Saburo


There are many paths that lead to many exciting and interesting places on Okinawa. Lying relaxed and exhausted at the end of a recent path I had taken was Saburo a three legged dog who is surrounded by a whole lot of love!

I first learned about Saburo in March of this year (2014) while reading an article in the Ryukyu Shimpo, a popular Okinawa based newspaper. It was not the title that grabbed my attention but rather the photo of a joy filled puppy running along the beach. Unable to resist I clicked the link and started reading.

Saburo is far from an ordinary puppy and he has overcome far from ordinary circumstances. Once a stray Saburo was the victim of a hit and run last year which left him seriously injured. When Kiyoshi Oshiro, a nearby sabani (traditional Okinawan fishing boat) builder, heard the loud bang and Saburo cry out he did what he could to help the injured dog. With the loss of his rear left leg and a broken back local veterinarians told Mr Oshiro that Saburo didn’t have a chance of recovery. However, despite the professional opinion he was given, Oshiro didn’t accept this diagnosis and sold his very own sabani in order to cover the cost of Saburo’s surgeries which would ultimately save the dog’s life.

Saburo-kun: Miracle Dog - Itoman City Okinawa, Japan

Following the surgery, as one might expect, Saburo could not walk. This is where Tomoko and Kazukai Takara step in. This husband and wife team, who work along side Kiyoshi Oshiro, faithfully took Saburo for walks along the beach twice a day using a special harness to help support his lower back and remaining rear leg. Day after day they continued this rehabilitation until one day it finally happened. . . . Saburo’s rear leg started moving. The rehabilitation continued and now Saburo not only runs enthusiastically along the beach every day but also enjoys daily swims in the ocean.

The article, which reminded me of the good in the world, put a smile on my face. I shared it with a few of my dog loving friends and then, like sometimes newspaper articles do, it went out of my head. It wasn’t until months later when I spotted a sleepy three legged dog in the corner of a sabani workshop that I remembered of the article and exclaimed to the man who graciously was showing us around: “That’s Saburo!”

Immediately the room filled with love and the men, who just seconds ago were making a beautiful sabani by hand, came over to greet me and introduce Saburo. Kiyoshi Oshiro quickly informed Saburo that he had a visitor and that he should get up to greet me but the dog, who was clearly worn out from his early morning swim didn’t do much more than glance my direction and accept a belly rub.

Having the chance to meet Saburo was purely chance but I have to say I am very glad that the opportunity presented itself. He is such a wonderful dog who is surrounded by a whole lot of love!

Patreon Banner June 2014

Ocean Expo Park: Oceanic Culture Museum


Chances are you’ve never heard of the Oceanic Culture Museum. This is undoubtably because it sits in the shadow cast by two other tourist attractions; the Churaumi Aquarium and Tropical Dream Center.

The Oceanic Culture Museum is located at the Ocean Expo Park closest to parking area P3 and P5. If you don’t know what you’re looking for you may just miss the entrance even though it’s right under your nose. What’s important to remember is that when you walk down the main staircase towards the outdoor water fountain it will be on your left. While we’re talking business it’s important to note that there is an admission fee for this museum which was less than ¥200 for adults and only ¥50 for children. There is also a strict NO PHOTOGRAPHS unless you’re in the designated areas policy which we will talk a little bit about later.

Oceanic Culture Museum: Boat

The focus of the museum is oceanic culture (no surprise there hah?) in the Pacific region. Throughout the rather large sized museum you can explore methods of fishing, cooking, making boats, tattooing, dancing and much much more. There are videos playing and multiple displays that look like you should be able to reach out and touch them to experience textures and feelings of materials. . . . . . but wait there is a do not touch sign there. Past the displays you will find huge boats which are on display. These are the boats that I feature in my video and the photos here mainly because they are the only pieces of the museum that you are permitted to photograph, but we will talk about that a little bit later.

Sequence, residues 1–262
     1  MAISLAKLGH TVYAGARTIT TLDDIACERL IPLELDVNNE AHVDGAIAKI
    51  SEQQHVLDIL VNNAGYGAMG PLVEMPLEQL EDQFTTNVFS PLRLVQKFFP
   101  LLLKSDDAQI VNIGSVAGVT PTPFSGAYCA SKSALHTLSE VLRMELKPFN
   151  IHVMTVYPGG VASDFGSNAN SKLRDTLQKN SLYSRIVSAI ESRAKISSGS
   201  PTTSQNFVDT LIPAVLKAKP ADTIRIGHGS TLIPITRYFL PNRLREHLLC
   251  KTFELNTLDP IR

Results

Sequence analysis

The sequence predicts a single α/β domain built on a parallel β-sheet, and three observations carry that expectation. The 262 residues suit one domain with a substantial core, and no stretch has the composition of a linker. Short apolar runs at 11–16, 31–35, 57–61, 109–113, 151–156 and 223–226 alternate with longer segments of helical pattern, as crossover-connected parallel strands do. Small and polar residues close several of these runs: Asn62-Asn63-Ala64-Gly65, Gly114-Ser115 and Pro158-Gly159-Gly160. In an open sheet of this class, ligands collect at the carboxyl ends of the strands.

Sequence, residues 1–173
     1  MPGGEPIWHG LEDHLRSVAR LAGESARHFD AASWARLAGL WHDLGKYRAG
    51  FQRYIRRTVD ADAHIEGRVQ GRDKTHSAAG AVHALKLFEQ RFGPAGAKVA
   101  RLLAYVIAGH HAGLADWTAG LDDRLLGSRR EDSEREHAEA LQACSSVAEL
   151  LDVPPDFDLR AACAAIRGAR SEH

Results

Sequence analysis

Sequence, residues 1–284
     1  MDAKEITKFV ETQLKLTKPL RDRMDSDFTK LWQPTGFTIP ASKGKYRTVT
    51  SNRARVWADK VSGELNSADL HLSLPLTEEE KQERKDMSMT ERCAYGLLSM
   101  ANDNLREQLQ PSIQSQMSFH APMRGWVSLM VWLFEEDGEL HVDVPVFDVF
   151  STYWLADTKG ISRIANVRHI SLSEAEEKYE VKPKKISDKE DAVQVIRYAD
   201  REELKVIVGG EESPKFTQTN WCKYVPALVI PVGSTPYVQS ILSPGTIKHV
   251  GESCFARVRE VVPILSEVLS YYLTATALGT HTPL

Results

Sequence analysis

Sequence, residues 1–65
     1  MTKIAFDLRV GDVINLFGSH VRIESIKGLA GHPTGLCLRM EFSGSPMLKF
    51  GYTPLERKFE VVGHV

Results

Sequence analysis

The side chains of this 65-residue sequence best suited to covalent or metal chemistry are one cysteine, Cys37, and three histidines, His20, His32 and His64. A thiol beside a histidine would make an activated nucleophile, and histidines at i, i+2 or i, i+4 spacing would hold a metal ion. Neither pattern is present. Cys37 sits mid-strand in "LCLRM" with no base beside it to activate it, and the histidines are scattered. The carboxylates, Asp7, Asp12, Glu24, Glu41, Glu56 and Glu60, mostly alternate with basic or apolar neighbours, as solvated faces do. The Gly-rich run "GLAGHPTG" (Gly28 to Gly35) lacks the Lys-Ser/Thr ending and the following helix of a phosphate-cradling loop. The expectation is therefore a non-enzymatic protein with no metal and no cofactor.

Oceanic Culture Museum: Long Boat - Okinawa, Japan

Moving towards the back side of the museum building you will come upon information related to Okinawa’s oceanic culture. This is the part of the museum that I have to admit was a bit disappointing. Some of the items on display were the same items you can see and purchase at a local fishing shops. Of course there were a few traditional items but in my personal opinion there were a few things left out like Nago’s history of whaling which would have added a nice element to the museum as it seems to be unique compared to the other locations featured in the museum. The route then leads to an open room with a very different feel. There is a great place to take a photo of you and your friends and also features information about Expo 75. This includes some great pictures and models from the expo.

The museum’s second floor features information on how boats are made with both Japanese and English descriptions. Although much less interesting than the rest of the museum there were some great areas of interest to include boat models from all around the Pacific in a display case.

Walking through the museum was an opportunity to experience some beautiful displays and learn the oceanic culture of the Pacific region. However, I had a hard time getting past the very unwelcome and policed feeling we were getting from the staff members. This might seem like a really strange thing to say so let me elaborate a bit. We started our journey off as bloggers, photographers and videographers usually do. . . . by inquiring about what limitations we would have while inside the facility. Most of the time when taking this extra,  yet necessary, step  you are likely to be met with enthusiasm. This was not the case today. It was explained to us where we could and could not take photographs. We were also given maps in which these locations were clearly indicated. At this point everything that we had experienced was pretty much what you would expect. You’re not always going to be granted special access to every location (specifically museums) and that’s ok. In fact the limitations wasn’t really the problem; it was what happened next.